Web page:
Town financial statement shows surplus
The Town of St. Paul appears to be in good financial standing following the presentation of the consolidated financial statement by the town’s accountant on April 14.
Barb McCarthy, an accountant with Joly, McCarthy & Dion Chartered Accountants, brought the 2013 consolidated financial statements to Town of St. Paul council last week.
According to McCarthy, the town ran a surplus of almost $595,000 for 2013. The overall surplus was due to change in accumulated surplus over the course of 2013 of $91,000, and a change in restricted surplus of $500,000.
Of the town’s financial situation, McCarthy said, “They have a strong financial position this year. It’s because they have positive net financial assets. They won’t have to borrow for their current operations.”
“It was great that we managed to stick to our budget, we were close. We look to have a balanced budget year-to-year when we do these things. It’s nice when we’re close,” said Mayor Glenn Anderson.
He added, “We’re around a half a million dollar surplus. It’s a challenge sometimes, because you never know what is going to happen with water breaks and utility problems. According to this year’s statement, we’re doing well. There’s not a lot of debt, things are progressing, and we are growing, and that’s a good thing.”
Net financial assets for t 2013 increased to just short of $1.1 million, from about $360,000 in 2012. That is the total amount of money available for this year’s expenses.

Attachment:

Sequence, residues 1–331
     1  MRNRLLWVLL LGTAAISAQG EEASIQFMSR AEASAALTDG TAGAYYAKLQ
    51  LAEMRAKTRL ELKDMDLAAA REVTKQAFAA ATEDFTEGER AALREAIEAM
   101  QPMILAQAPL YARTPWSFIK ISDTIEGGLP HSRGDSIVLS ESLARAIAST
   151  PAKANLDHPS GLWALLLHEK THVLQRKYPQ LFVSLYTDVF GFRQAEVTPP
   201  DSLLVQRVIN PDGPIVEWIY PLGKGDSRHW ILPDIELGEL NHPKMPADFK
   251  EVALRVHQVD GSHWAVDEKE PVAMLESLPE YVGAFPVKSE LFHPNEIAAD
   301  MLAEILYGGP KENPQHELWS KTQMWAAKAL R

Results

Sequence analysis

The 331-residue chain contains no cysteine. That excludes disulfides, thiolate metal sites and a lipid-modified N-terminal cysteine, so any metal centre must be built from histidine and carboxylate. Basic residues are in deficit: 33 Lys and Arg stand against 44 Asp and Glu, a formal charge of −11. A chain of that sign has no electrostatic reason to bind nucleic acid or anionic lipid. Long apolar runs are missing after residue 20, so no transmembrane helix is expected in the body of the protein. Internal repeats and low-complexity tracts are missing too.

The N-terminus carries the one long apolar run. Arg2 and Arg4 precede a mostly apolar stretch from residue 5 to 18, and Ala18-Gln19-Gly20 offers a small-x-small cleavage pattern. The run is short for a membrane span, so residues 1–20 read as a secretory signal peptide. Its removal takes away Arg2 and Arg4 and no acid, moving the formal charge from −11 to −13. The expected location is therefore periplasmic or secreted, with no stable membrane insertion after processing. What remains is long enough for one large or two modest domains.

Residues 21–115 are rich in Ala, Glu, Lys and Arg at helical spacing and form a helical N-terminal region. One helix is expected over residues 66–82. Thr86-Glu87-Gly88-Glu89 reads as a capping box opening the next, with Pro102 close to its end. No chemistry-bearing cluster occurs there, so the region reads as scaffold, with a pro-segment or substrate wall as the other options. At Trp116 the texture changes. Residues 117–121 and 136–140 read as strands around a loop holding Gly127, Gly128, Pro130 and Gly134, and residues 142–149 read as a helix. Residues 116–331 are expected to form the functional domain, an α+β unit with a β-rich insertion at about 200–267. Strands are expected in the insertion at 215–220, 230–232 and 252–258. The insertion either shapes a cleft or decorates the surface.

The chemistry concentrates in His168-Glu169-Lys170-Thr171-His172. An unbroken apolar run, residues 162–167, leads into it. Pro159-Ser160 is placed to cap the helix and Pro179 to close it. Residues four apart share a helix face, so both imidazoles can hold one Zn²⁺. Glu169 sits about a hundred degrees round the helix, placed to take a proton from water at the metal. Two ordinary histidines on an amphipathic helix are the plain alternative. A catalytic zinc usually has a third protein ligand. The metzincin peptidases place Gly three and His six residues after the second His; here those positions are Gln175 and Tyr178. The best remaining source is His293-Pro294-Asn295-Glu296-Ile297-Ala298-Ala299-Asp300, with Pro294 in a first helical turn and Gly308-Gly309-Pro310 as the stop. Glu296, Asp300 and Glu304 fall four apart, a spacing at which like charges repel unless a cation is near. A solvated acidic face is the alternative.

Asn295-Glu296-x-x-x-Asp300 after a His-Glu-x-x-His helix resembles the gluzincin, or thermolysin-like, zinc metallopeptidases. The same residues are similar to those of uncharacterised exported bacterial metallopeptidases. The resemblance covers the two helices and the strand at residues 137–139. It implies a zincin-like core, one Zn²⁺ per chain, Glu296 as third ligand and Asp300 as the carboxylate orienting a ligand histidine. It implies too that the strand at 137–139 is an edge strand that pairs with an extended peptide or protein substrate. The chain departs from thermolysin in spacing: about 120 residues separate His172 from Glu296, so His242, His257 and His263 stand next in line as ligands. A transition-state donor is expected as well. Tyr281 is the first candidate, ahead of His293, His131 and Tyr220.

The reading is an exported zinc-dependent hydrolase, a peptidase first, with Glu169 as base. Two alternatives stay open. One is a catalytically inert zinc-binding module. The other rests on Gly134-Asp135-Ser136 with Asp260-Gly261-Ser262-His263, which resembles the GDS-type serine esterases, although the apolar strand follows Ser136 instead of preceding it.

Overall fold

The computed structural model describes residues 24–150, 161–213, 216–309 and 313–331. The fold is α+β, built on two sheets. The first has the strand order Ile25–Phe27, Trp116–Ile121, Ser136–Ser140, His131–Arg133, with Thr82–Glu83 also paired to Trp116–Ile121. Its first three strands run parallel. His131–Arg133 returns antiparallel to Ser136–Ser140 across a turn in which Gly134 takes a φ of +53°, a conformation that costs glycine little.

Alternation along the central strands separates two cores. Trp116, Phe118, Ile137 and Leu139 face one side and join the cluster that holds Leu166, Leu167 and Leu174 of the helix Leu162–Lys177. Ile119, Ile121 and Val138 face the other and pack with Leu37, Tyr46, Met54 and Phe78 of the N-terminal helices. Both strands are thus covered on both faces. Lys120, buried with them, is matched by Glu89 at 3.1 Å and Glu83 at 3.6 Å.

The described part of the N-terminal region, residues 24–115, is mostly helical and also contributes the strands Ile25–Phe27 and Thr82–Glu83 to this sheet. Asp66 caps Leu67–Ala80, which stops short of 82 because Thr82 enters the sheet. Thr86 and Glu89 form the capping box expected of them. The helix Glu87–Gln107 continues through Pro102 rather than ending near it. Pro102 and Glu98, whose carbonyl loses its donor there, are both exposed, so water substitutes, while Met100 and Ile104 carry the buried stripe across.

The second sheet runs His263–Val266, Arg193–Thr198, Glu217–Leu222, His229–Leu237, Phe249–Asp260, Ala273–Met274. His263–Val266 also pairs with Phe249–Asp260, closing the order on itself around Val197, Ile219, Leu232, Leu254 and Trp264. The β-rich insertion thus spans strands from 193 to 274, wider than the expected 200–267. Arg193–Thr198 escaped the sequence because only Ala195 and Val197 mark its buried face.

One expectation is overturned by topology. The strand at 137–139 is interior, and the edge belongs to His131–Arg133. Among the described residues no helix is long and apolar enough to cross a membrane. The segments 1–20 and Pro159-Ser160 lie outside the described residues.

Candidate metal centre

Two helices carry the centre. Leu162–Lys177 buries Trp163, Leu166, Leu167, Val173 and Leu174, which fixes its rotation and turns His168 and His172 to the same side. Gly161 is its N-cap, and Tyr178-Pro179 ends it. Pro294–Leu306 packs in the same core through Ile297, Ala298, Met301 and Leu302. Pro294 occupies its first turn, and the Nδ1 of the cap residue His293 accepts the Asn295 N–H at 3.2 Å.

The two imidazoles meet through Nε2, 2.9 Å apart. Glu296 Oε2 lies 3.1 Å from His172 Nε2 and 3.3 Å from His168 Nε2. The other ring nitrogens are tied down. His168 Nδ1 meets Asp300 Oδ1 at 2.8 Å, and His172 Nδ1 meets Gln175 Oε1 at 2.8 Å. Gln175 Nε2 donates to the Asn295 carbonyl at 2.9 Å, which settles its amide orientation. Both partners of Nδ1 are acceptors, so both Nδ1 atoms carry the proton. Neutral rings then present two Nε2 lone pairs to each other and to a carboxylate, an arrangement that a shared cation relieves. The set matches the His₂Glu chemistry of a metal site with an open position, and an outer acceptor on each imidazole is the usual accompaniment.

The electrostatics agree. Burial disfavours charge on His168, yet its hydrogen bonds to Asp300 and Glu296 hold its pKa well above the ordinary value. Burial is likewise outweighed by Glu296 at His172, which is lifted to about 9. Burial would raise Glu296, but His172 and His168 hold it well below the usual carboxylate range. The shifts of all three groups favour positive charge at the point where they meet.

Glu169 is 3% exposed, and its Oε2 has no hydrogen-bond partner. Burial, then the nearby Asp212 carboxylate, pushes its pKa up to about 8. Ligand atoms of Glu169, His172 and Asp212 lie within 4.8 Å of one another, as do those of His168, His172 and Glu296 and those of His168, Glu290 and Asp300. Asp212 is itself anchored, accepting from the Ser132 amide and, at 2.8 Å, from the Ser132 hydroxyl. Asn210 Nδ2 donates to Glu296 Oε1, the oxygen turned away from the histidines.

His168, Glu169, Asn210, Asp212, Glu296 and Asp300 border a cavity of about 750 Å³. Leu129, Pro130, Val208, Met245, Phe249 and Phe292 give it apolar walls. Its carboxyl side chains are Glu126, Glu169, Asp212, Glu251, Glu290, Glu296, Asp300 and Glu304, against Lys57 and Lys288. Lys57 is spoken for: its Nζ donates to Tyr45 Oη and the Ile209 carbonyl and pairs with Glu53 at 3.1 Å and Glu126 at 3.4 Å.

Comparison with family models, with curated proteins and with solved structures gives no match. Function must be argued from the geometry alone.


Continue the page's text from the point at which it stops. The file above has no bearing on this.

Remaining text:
Property taxes for the town in 2013 covered real property taxes, government grants in place of taxes, linear property taxes, requisitions like the Alberta School Foundation and the MD Foundation. Net taxes for general municipal purposes levied in 2013 were just over $5 million.
According to the statement, the total expenses for the town in 2013 were just short of $12.5 million. Expenses included salaries, wages, benefits, contracted and general services, materials, goods, supplies, utilities, purchases from other governments, transfers to local boards and agencies, transfers to individuals and organizations, bank charges, interest on long-term debt, provision for allowances and tax rebates, and amortization.
Many of the expenses budgeted turned out to be close to expectations in 2013. One exception was planning and development, which was budgeted at $31,000 but turned out being just over $374,000.
McCarthy said the reason for such a gap is that planning and development includes the cost of land sold. In 2012, the town bought the old Associated Medical Clinic, and put it into inventory. When the town sold the clinic this year, they had it expensed in revenue. This is also the reason that sales and user fees for 2013 came to just short of $3.2 million, when it was budgeted for almost $2.9 million.
Long-term debt including tax supported debentures in capital, and self supported debentures in operating totaled at just over $3 million. This was a decrease from total long-term debt in 2012, which was just over $3.3 million. Additionally, interest on the long-term debt also decreased in 2013, to slightly over $143,000 from over $150,000 in 2012.
“The town continues to invest in infrastructure. The town is basically operating in a positive way, maintaining their infrastructure as well as they can, with the resources they have,” said McCarthy.